Me: Driving works? Tell that to the people on that bridge: people were walking faster. Bus lanes means more people opt for transit, fewer cars overall, and less traffic.
Responder: Just because buses work for you doesn’t mean they work for all.
Me: That’s the problem. They don’t work. The deck is stacked in favor of driving. I’m not saying ban cars, I’m saying let’s equalize street real estate. Why shouldn’t a bus with 50 passengers have priority over a car with 1 or 2?

But this is the usual reactionary inability to see the greater good. Take away a lane from cars, and it’s an affront to driving. An affront to freedom. Un-American. Never mind the majority of people on that bridge aren’t driving cars. They don’t matter. Still, I haven’t heard this turned in to an equity argument, so that’s kind of groundbreaking.

So the first part of this blog post is a plea: Ms. Cahill, I want to know what goes through the mind of someone who can’t see that transit efficiency is a societal benefit, and that it will amount to more people using fewer vehicles. Please email me, comment here, and discuss. I want to know.

The second part is me, trying to quantify what would happen to vehicles displaced by a bus lane on the Harvard Bridge, and what the time savings would be for bus riders as opposed to the time penalties for drivers. And, as I am wont to do, I did this in chart form. I imagined a hypothetical traffic jam stretching across the bridge (0.4 miles) in a closed system where all of the cars feed off of Mass Ave on to the bridge (this is close to the case, but some traffic does enter from Memorial Drive):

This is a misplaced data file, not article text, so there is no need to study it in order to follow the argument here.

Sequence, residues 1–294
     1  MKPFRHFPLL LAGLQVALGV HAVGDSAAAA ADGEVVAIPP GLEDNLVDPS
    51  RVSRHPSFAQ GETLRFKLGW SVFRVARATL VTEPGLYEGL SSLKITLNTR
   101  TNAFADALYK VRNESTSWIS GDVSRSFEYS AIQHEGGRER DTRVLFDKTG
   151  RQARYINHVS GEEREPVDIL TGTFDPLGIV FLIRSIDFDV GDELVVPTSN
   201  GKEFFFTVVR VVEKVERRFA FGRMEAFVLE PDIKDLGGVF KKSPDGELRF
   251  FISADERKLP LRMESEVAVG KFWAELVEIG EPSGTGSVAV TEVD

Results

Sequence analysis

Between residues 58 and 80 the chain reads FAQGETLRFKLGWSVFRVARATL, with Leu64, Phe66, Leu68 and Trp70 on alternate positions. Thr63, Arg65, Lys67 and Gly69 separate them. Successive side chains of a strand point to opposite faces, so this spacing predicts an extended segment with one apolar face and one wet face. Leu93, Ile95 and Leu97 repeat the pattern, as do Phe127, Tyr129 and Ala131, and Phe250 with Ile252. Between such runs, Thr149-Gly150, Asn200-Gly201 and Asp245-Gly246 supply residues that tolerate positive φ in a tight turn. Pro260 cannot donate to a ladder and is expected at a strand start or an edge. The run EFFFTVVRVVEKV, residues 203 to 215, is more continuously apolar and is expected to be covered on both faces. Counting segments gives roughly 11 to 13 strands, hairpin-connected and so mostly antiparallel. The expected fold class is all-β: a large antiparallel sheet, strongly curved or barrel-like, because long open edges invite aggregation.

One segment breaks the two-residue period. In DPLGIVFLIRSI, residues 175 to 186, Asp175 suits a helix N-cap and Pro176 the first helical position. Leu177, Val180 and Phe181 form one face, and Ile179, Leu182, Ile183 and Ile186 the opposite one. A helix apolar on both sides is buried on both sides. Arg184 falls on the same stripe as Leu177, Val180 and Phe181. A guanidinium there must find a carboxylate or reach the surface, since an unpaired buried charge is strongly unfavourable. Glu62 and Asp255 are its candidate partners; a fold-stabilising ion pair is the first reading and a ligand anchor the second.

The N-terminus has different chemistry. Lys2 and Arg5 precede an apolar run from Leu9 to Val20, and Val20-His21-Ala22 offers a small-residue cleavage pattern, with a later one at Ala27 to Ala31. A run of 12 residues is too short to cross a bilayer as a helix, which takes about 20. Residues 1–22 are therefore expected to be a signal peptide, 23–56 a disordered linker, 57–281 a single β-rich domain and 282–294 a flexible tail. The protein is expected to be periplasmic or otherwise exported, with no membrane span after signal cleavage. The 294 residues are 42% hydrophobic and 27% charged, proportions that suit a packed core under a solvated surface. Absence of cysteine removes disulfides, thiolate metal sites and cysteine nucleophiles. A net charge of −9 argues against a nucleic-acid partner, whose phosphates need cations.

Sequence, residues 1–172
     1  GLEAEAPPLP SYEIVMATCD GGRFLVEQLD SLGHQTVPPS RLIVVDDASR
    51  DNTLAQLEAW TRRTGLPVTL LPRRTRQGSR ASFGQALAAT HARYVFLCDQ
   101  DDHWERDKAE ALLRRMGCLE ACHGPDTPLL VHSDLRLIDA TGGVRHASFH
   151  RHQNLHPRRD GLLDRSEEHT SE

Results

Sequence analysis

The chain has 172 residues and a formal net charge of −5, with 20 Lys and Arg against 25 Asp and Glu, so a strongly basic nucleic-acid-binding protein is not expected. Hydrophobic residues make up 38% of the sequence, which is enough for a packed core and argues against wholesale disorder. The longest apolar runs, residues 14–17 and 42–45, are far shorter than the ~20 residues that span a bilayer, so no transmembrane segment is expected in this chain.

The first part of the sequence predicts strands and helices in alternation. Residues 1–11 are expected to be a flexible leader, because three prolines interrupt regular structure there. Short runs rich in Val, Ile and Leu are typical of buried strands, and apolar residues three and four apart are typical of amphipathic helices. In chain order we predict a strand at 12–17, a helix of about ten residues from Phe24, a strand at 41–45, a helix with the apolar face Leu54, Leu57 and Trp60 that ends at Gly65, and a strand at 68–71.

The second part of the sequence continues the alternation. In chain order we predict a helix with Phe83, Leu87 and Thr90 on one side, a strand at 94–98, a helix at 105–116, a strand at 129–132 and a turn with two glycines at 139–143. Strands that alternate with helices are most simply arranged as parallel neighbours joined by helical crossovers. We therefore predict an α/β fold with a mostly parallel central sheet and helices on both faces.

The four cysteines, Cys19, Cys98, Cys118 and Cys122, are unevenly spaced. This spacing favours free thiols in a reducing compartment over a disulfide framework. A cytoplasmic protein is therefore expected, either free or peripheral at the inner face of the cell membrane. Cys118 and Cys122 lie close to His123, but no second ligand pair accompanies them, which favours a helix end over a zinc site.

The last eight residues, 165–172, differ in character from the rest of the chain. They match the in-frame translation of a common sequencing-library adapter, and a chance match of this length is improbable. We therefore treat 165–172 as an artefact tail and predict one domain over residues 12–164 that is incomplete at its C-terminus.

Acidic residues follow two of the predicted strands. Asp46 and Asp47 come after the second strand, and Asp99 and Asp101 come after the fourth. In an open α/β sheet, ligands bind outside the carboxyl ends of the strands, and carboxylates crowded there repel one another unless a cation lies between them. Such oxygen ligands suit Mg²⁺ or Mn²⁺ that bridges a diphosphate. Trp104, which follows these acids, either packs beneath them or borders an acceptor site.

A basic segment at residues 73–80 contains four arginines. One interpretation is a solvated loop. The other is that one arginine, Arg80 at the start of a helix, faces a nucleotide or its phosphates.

At first glance, going from two lanes to one would double the length of roadway needed to store the same amount of cars. But several other factors come in to play. First of all, the buses take up the space of 8 cars—at least. Then, we can assume that 10% of the cars remaining will shift modes: if taking the bus is all of the sudden significantly faster than driving, people will use it. And people in taxis (by my estimation, 10% of the traffic on the bridge) will likely switch in greater numbers since they’re starting closer by: I estimated 50% mode switch there. Then there’s induced demand: make the traffic on Mass Ave worse, and some drivers—I said 10%—will choose another route, whether it’s the Longfellow or the BU Bridge or further afield.

Add these together, and I would guess that traffic would increase by between 1/3 and 1/2. Assuming that traffic moves at 5 mph, this would mean an increase of 2.5 to 4 minutes for each person in a car on the bridge. But it would also mean that buses would cross unencumbered by traffic, making the trip in one minute, and saving every bus passenger 7 (this assumes that the bus lanes extend back to Vassar Street, displacing bus stops and a few parking spaces on Mass Ave through MIT). With these numbers, drivers would incur 510 minutes of additional delay, but bus passengers would save nearly three times that much time—a dramatic benefit.